Saturday School: US Open’s Extreme Heat Policy

August 28, 2018 - Novak Djokovic in action against Marton Fucsovics at the 2018 US Open.
In a first, the US Open had to enact an extreme heat policy on the second day of the tournament’s 128th edition after realizing the scorching conditions under which the players had to at the Billie Jean King National Tennis Centre. The conditions at the US Open this year are worse than ever, with the hard courts making the situation even more pathetic.
Weather reports stated that New York will see temperatures reaching no less than 32°C up until Thursday. On Friday, the mercury is predicted to take a significant drop with the possibility of rain making an appearance. However, in these first four days of the US Open, players will have to deal with the heat and the humidity that would be ranging between 45-50%.
A combination of 36°C of mercury and 47% of humidity was making it difficult for the players to endure on the courts where the temperature felt nearing the 49°C mark.
“I think we should have a heat rule, it’s not healthy to be out there getting dizzy and stuff and the poor ball kids out there.” – Nick Kyrgios
“They should have canceled the matches. It was not healthy. We are fit, but this was too much. It is dangerous out there. The ATP doesn’t have a heat rule but they should stop the matches. They will not make a change until someone dies.” – Richard Berankis after retiring against Hyeon Chung
The new Louis Armstrong stadium houses 14,000 people but does not have an air-conditioning system and instead relies on a unique naturally cooling ventilating system. This surely does not seem to bring comfort to the players or the spectators, as a result of which, Brian Earley, the US Open’s tournament referee (who is likely to retire after this tournament) released an emergency statement on 29th August 2018.
“For all women’s singles matches, a 10-minute break will be allowed between the second and third sets if either player requests such a break.”
“If both players decline a 10-minute break, then play shall be continuous. Appropriate medical timeouts for heat-related illness are allowed.
“For all men’s singles matches, a 10-minute break will be allowed between the third and fourth sets if either player requests such a break.
“If both players decline a 10-minute break, then play shall be continuous. Appropriate medical timeouts for heat-related illness are allowed.”
The Women’s Tennis Association (WTA), which governs the women’s tennis circuit has already had a rule since 1992 wherein the ladies can take a certain time to rest if the heat stress index reaches 86°F. For the men, this is the first policy related to heat at the US Open.
It indeed is surprising that the ladies have breaks in best of three set matches whereas the men’s game didn’t have any such policies in best of five set matches. A few years back, Stan Wawrinka put forth this question to the authorities but received no positive responses. Before the heat policy was implemented this week, Wawrinka was facing Grigor Dimitrov in the first round. The Swiss called for a medical timeout and apparently let his body cool down for a bit. When asked about it in the post-match interview, he said nothing regarding an injury on any particular part of his body and instead commented upon the malaise he felt during the match.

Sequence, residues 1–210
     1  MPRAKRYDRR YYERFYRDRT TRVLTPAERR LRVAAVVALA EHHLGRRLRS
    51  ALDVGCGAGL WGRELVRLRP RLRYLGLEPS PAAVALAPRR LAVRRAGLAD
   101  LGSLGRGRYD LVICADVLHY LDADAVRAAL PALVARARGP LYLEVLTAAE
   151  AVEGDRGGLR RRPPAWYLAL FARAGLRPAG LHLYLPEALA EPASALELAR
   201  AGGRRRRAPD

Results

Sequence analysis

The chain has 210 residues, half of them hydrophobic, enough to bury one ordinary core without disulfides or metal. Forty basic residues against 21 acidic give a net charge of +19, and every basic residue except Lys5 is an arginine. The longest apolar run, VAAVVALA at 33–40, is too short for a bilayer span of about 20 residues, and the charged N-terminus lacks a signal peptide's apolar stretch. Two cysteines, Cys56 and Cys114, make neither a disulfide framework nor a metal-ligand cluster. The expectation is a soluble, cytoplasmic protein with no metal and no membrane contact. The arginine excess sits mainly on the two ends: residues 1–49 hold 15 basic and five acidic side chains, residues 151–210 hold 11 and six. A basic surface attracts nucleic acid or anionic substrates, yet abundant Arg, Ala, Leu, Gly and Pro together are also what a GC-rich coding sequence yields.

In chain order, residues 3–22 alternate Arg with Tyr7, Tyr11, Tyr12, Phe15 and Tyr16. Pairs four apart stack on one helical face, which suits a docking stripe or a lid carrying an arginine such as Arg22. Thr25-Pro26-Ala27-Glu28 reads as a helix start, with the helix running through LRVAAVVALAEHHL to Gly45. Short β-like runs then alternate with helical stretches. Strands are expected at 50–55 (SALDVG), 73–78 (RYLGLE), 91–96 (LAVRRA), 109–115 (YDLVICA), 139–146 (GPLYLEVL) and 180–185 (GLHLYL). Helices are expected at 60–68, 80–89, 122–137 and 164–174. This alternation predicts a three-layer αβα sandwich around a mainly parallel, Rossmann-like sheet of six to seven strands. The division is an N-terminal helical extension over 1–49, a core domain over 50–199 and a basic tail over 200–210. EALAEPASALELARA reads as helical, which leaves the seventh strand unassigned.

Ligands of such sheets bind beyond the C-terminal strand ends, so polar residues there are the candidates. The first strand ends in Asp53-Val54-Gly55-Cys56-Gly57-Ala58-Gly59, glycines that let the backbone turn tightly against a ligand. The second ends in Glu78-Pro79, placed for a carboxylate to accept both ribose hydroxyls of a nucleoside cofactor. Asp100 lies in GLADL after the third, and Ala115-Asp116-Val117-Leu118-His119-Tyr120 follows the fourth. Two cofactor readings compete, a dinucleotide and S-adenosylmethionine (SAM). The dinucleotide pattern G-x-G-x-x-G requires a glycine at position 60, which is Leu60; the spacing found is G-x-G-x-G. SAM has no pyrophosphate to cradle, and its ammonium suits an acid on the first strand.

Apart from the players, even spectators have found the temperatures to be distressing at the Flushing Meadows. One spectator who was witnessing Petra Kvitova play against Yanina Wickmayer collapsed in the stands. The play had to be halted and the spectator was given emergency medical assistance.
Kvitova herself could be seen turning all red, courtesy of the heat, and was constantly looking to go farther away from the baseline in between the points where the court was masked with the shadow of the roof. When the heat policy was implemented, it saw two opposite implications from two players pitted against each other at the Louis Armstrong Stadium. While Andrea Petkovic straight away headed to an air-conditioned room, her opponent Jelena Ostapenko decided to first visit the restroom to dress herself in a new outfit and later visit an air-conditioned space.
“When I came back out, it felt like five billion degrees. Next time, I would stay out there, chill on the bench,” said Petkovic. For Ostapenko, it all went her way as she broke Petkovic in the first game of the decider and eventually won it 7-5 to cruise into the next round.
Despite the heat policy being implemented, on its debut day, six men retired and five others complained about heat related degrading health issues.
Venus Williams, who is playing her 20th US Open optimistically said that maybe she would begin to train in noon to cope up with the conditions.
“There’s really nothing you can do but try to hydrate the best you can so your body is holding onto the water and you’re not letting the water go out so fast. That’s what leads to cramps and it’s definitely not easy out there. So the thing that makes it fair, though, is every single person is playing in it.” – Venus Williams
“I want to thank the US Open for allowing us to have the 10-minute break, because we both needed it. We were naked next to each other in the ice baths after battling for three sets, and it was a magnificent feeling, I must say.” – Novak Djokovic, after defeating Marton Fucsovics
“You’ve got to be ready. And, I mean, mentally, physically, we all know that US Open can be like that. There can be some difficult days like this. There can be some windy days. Even a little bit cooler days. So you have to be ready.” – Marin Cilic
The US Open has now become the second slam to execute the Extreme Heat Policy after the Australian Open.

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